Nearly 300 of the beefiest men in Switzerland will attempt to become king of Swiss-style wrestling over the coming weekend at the Federal Wrestling Festival in Nyon. Here's a brief guide for the uninitiated.
The Federal Wrestling Festival is held once every three years, and to be crowned king is the pinnacle of a Swiss wrestler's career.
"Swiss-style wrestling is a typically Swiss sport, and has its origins in alpine culture," explains Remy Lambelet, vice-president of the Nyon 2001 organising committee and president of canton Vaud's Wrestling Association.
"It is only practiced in Switzerland or by Swiss living abroad," he told swissinfo. In fact wrestlers are coming to Nyon from as far afield as the United States, Canada, Australia and South Africa.
The contests are held on a large circle of sawdust, 14 metres in diameter. Wrestlers compete in ordinary clothes, over which they wear distinctive sack shorts.
But the clothes reveal something about the wrestlers, who belong to two distinctive groups. The farmers, or Sennen, wear dark trousers and colourful - often light blue - shirts, and the Turner, from the gymnastic clubs, can be distinguished by their all-white clothing.
Size not everything
The sack shorts, worn over the men's normal working clothes, were introduced to prevent their trousers and shirts from getting ripped, and were then incorporated into the rules.
"You must keep one hand on your opponent's shorts at all times, otherwise the fight is stopped," Lambelet says.
Traditionally, Swiss wrestling, also known as schwingen, was practised by big farm boys, but nowadays, participants come from all walks of life. And while most of them cut imposing figures, size is not everything. Technique is just as important as brute strength.
Over the centuries, schwingen has developed a dazzling array of holds and moves, many of which, like the Brienzer, bear the names of the places where they originated. All have one aim: "You have to get both your opponent's shoulders on the ground to win the contest," Lambelet says.
Winning the bout is not always enough to progress, however. Moving on to the later rounds also depends on receiving points for the quality of the moves and throws executed.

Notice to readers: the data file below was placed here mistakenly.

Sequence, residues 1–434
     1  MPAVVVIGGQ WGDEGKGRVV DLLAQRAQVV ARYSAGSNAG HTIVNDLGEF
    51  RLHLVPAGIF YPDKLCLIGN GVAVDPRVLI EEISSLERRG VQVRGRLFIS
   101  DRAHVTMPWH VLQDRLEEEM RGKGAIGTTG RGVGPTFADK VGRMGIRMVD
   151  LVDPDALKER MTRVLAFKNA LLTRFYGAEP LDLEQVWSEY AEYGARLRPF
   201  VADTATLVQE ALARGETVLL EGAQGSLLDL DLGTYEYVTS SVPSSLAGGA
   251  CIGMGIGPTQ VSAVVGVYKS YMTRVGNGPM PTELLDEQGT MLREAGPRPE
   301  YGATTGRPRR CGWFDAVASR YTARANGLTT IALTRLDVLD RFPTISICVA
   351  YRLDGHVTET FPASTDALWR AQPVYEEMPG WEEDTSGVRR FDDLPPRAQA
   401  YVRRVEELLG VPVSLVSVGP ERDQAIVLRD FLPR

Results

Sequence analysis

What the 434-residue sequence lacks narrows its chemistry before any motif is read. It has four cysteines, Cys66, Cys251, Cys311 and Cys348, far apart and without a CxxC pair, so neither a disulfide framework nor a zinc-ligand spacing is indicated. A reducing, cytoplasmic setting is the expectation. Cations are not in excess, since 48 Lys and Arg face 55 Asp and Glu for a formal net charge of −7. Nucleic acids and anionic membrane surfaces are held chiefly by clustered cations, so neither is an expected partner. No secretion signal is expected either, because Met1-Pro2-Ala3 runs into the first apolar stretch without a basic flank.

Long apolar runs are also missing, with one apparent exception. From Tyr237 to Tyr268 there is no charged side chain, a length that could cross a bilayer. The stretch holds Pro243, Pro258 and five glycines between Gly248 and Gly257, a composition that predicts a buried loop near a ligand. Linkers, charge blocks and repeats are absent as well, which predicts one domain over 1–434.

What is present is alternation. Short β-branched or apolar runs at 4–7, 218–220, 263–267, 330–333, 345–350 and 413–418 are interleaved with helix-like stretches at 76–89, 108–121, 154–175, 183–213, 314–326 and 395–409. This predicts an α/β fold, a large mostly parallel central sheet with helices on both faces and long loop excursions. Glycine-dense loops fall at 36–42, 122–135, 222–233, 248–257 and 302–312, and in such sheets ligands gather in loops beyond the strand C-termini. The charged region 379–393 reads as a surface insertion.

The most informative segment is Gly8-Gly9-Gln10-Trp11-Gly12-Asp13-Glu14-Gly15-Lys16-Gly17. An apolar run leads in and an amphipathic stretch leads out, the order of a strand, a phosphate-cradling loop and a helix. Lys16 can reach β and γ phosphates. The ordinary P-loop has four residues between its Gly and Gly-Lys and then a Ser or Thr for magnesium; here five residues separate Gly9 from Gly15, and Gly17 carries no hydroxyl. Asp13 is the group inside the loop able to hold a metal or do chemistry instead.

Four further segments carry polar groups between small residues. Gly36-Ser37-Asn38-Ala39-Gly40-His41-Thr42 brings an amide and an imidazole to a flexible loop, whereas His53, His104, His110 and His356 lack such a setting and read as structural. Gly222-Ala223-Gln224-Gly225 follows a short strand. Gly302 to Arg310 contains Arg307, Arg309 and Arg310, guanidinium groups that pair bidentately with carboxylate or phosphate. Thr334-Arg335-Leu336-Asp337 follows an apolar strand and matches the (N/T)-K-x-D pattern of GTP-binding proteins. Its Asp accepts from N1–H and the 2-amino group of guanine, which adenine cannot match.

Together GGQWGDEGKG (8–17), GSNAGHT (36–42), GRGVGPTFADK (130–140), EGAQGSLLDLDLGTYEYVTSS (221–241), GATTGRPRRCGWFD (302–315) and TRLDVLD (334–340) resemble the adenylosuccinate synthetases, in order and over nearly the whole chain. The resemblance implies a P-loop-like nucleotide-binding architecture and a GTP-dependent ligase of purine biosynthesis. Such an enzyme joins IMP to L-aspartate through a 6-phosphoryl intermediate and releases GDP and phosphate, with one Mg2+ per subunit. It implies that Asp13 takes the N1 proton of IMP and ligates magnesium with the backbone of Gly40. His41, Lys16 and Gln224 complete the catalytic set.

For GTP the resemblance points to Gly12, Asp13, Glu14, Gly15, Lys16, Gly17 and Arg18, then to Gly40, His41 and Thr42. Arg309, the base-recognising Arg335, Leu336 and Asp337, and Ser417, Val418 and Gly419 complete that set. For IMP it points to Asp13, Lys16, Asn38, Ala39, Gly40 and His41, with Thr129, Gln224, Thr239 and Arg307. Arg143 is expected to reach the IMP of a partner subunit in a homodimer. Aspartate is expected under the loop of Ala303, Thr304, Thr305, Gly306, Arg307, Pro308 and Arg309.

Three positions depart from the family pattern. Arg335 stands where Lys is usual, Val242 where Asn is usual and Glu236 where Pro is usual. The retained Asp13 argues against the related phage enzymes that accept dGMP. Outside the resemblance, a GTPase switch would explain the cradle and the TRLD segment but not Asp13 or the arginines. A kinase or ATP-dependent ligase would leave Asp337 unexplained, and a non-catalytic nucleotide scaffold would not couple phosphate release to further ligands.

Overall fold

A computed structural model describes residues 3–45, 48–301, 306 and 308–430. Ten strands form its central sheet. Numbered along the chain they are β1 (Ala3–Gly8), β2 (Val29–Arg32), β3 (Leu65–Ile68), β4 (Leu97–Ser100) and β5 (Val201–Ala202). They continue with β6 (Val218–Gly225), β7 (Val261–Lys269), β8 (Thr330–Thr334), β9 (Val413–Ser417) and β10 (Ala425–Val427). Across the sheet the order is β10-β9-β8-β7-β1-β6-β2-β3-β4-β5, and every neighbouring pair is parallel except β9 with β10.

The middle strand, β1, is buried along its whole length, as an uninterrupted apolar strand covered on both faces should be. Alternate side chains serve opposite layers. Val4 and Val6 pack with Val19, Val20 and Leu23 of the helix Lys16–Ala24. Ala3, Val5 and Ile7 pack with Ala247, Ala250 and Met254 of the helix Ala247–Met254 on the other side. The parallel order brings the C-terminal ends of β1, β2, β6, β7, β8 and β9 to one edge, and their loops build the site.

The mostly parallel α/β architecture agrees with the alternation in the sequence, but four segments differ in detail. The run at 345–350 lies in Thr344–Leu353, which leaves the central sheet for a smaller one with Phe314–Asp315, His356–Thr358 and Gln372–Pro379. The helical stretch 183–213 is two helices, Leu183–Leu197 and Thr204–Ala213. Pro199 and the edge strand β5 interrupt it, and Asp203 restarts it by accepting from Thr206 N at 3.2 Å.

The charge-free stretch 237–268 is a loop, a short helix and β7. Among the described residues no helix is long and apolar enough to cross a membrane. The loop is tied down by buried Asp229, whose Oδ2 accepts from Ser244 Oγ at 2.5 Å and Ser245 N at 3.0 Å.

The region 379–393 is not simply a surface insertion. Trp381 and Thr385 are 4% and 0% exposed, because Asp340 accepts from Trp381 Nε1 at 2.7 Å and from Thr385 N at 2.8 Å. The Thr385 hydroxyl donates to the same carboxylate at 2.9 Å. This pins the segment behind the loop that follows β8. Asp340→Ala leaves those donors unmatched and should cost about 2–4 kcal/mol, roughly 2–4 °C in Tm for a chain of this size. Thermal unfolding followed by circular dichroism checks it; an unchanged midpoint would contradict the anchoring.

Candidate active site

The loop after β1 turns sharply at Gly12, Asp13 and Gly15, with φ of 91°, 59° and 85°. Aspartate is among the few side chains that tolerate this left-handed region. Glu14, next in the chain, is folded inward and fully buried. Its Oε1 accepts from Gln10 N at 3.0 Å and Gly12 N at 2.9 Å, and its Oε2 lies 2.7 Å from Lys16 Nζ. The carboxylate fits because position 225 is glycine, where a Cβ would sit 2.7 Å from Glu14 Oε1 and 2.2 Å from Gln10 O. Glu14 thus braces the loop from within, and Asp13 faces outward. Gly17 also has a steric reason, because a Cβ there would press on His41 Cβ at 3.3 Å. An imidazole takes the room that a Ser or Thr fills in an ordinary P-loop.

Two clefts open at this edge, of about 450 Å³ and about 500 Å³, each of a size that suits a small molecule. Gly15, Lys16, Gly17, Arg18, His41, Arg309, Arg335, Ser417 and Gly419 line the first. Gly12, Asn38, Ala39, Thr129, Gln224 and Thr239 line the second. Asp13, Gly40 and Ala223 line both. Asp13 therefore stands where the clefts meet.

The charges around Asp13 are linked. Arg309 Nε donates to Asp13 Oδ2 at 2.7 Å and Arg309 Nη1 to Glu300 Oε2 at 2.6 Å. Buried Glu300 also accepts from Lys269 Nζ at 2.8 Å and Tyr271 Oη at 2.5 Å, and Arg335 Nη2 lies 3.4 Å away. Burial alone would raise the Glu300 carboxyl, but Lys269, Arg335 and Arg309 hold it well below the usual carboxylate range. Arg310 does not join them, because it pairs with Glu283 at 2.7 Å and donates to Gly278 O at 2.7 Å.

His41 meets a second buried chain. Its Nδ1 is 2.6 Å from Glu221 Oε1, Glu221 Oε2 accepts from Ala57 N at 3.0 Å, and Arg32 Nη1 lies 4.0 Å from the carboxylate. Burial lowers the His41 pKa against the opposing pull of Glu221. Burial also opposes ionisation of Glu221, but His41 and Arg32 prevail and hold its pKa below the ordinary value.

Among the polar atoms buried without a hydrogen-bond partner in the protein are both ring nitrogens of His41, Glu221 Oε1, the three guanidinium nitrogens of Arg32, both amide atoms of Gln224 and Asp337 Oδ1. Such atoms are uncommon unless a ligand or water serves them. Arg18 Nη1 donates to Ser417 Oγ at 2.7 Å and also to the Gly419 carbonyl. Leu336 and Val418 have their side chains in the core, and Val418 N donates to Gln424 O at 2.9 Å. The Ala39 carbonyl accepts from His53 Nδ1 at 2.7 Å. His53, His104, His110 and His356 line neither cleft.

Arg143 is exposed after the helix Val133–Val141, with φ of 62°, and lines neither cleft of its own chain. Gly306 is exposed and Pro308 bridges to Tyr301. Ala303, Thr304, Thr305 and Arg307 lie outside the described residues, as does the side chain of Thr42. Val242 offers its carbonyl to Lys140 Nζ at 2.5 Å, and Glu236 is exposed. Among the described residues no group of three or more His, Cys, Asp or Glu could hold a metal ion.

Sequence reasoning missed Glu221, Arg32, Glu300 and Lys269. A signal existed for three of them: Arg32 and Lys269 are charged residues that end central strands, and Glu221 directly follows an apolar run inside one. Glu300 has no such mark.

Schwingen prides itself on its sportsmanship, and this is best seen in the ritual that follows every bout. After a firm handshake, the winner brushes the sawdust from the back of his adversary.
"In wrestling, we are enemies for five minutes but friends forever," Remy Lambelet says. "Fair-play is the foundation on which Swiss wrestling is built."
Lambelet is proof that schwingen has moved beyond its traditional heartland of the mountain pastures of central and eastern Switzerland, although German-speaking clubs are still the strongest.
"It was born in the Alps, but we are all part of the same confederation. Now there are wrestlers throughout the country," Lambelet says.
Even so, schwingen is closely tied up with the traditions of the mountain meadows where it was born. It is inextricably linked in many people's minds with alphorns, yodelling and dairy farming, and many boys take up the sport out of a sense of patriotism.
"For many, this only has a folkloric aspect. But there is also an athletic aspect. This is a serious sport," says Claude Ruey, the cantonal minister who heads the Nyon 2001 organising committee.
"Not just anyone can come and take part. The 280 wrestlers who take part in the federal festival have had to go through a rigorous qualification process," he told swissinfo.
Those who have made it to Nyon will be taking it very seriously, but schwingen is not a professional sport. In keeping with its farming origins, the prizes are agricultural: the king of Swiss wrestling traditionally gets to take home a prize bull.
Jörg Abderhalden from St Gallen, who won the last Federal Festival in Berne in 1998 as a 19-year-old, is once again among the favourites, along with the likes of Arnold Forrer, from Toggenburg, and Heinz Suter, from Muothatal in Central Switzerland.
by Roy Probert